Li tells auditors to help curb graft
Updated: 2014-01-10 01:07
By AN BAIJIE and ZHAO YINAN (China Daily)
Premier Li Keqiang urged audit agencies on Thursday to play a major role in boosting clean governance and preventing financial risks.
They should enhance supervision of public funds, and officials misusing or embezzling funds must be severely punished, he said.
Li made the remarks after hearing the annual report of the National Audit Office, which held its yearly conference from Dec 24 to 25.
The premier told the agencies to keep a close eye on the construction of government buildings. He pledged in March that the government would not approve any new projects for government buildings.
Li also urged auditors to strengthen their vigilance of the financial system to prevent potential risks, as well as revitalizing capital.
His comments follow credit crunches in China's money markets in June and December.
The money shortage last month prompted the central bank to inject liquidity into the market through short-term operations.
Ma Jun, a professor of public governance at Sun Yat-sen University in Guangzhou, said many corrupt officials were initially exposed through auditing.
Liu Jiayi, head of the National Audit Office, said on Dec 27 that audit authorities found more than 970 clues to corruption cases and transferred these to judicial authorities between January and November.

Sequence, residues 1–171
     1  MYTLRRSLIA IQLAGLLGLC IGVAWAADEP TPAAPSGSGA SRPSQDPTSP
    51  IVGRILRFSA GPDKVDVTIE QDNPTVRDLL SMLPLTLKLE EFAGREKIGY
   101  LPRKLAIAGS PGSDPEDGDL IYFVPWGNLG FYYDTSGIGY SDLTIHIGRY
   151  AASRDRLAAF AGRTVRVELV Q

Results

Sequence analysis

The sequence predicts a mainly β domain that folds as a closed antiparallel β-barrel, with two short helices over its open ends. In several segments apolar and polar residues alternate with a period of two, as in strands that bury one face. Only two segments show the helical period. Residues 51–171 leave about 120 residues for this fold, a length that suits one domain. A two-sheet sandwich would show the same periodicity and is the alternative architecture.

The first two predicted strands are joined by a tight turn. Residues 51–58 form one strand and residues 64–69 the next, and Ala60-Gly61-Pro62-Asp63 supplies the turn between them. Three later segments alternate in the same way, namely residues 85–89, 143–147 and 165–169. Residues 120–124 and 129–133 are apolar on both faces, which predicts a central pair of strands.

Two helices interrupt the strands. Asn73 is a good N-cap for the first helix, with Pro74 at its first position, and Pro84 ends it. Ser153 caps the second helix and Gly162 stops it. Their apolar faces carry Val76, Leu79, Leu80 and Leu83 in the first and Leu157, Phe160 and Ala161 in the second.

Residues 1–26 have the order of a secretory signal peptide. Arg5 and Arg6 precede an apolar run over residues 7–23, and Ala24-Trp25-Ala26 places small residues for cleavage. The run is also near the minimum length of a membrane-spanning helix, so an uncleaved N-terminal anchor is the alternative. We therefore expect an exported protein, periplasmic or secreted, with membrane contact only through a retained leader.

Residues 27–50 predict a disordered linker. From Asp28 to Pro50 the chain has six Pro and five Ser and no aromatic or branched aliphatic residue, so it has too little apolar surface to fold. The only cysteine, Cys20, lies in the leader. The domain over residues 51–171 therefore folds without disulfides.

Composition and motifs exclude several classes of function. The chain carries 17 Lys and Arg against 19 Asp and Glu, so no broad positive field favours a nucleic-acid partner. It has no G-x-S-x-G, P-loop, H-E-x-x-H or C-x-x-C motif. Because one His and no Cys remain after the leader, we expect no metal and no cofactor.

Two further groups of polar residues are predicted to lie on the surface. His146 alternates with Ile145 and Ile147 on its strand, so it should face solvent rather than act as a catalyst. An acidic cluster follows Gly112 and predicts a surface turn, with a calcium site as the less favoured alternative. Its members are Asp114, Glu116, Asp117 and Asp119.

Liu told China Central Television in October that a clue offered to the disciplinary watchdog resulted in the investigation into Liu Zhijun, former minister of railways, who was later sentenced to death with a two-year reprieve for bribery and abuse of power.
Mei Xingbao, an external supervisor for the Bank of China, said auditing, including audits of finances and efficiency, can detect potential financial risks at an early stage and help banks to prevent losses.
Mei said one cause of last year's money shortage was that many commercial banks failed to spot the risks of problematic loans amid rapid credit expansion.
"Such problems should have been found during internal audit. The fact that they got away from auditors shows loopholes in the system.
"Although auditing is not the fundamental method to erase such concerns, it offers a chance for financial institutions to remedy the situation before mistakes begin to snowball," he said.
Late last month, the Chinese Academy of Social Sciences said some local governments have interfered with auditing work, affecting the authenticity of audit results.
Hou Liqiang contributed to this story.
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